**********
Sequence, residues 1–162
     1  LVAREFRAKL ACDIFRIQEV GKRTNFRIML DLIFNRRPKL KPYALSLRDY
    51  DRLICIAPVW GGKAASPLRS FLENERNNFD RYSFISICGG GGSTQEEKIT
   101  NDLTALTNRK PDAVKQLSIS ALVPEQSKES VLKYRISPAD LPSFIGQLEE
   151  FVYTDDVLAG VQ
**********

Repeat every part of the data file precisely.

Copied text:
Sequence, residues 1–162
     1  LVAREFRAKL ACDIFRIQEV GKRTNFRIML DLIFNRRPKL KPYALSLRDY
    51  DRLICIAPVW GGKAASPLRS FLENERNNFD RYSFISICGG GGSTQEEKIT
   101  NDLTALTNRK PDAVKQLSIS ALVPEQSKES VLKYRISPAD LPSFIGQLEE
   151  FVYTDDVLAG VQ